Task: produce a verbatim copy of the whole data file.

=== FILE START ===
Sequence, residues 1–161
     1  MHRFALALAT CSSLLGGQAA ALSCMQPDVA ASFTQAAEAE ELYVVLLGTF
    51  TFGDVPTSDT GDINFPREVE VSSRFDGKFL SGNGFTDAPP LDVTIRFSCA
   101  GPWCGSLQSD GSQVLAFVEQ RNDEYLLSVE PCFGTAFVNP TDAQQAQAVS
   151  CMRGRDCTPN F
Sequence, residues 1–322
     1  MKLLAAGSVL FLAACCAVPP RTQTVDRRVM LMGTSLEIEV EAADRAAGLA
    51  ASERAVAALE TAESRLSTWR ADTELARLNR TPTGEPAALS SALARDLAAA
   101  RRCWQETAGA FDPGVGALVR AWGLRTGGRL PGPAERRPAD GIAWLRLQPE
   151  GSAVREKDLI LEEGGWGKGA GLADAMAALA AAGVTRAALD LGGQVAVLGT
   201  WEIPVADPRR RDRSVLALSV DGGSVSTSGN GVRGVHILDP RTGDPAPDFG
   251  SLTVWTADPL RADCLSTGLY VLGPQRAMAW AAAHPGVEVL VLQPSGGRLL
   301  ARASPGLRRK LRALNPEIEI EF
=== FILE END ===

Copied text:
Sequence, residues 1–161
     1  MHRFALALAT CSSLLGGQAA ALSCMQPDVA ASFTQAAEAE ELYVVLLGTF
    51  TFGDVPTSDT GDINFPREVE VSSRFDGKFL SGNGFTDAPP LDVTIRFSCA
   101  GPWCGSLQSD GSQVLAFVEQ RNDEYLLSVE PCFGTAFVNP TDAQQAQAVS
   151  CMRGRDCTPN F
Sequence, residues 1–322
     1  MKLLAAGSVL FLAACCAVPP RTQTVDRRVM LMGTSLEIEV EAADRAAGLA
    51  ASERAVAALE TAESRLSTWR ADTELARLNR TPTGEPAALS SALARDLAAA
   101  RRCWQETAGA FDPGVGALVR AWGLRTGGRL PGPAERRPAD GIAWLRLQPE
   151  GSAVREKDLI LEEGGWGKGA GLADAMAALA AAGVTRAALD LGGQVAVLGT
   201  WEIPVADPRR RDRSVLALSV DGGSVSTSGN GVRGVHILDP RTGDPAPDFG
   251  SLTVWTADPL RADCLSTGLY VLGPQRAMAW AAAHPGVEVL VLQPSGGRLL
   301  ARASPGLRRK LRALNPEIEI EF